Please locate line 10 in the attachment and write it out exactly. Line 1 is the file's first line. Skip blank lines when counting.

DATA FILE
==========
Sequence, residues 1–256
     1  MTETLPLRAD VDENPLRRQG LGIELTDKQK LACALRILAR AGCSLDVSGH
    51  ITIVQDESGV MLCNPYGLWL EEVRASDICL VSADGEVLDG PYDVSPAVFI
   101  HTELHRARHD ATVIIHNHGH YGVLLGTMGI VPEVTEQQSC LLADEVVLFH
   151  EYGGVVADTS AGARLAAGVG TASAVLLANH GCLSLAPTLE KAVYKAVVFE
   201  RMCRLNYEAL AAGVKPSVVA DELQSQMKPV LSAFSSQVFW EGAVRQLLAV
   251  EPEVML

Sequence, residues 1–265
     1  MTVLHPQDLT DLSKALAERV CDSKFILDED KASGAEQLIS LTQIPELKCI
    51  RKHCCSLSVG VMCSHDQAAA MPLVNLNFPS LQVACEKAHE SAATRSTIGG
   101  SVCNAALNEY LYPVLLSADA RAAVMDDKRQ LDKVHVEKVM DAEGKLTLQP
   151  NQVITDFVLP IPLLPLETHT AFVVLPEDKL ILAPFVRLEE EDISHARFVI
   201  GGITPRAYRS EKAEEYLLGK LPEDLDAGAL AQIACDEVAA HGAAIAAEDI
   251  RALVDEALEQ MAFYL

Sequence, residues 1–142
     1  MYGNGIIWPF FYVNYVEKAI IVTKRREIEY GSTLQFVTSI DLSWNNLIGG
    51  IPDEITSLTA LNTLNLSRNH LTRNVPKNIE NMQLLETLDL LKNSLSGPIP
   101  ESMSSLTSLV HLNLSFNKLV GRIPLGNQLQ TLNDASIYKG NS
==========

    51  RKHCCSLSVG VMCSHDQAAA MPLVNLNFPS LQVACEKAHE SAATRSTIGG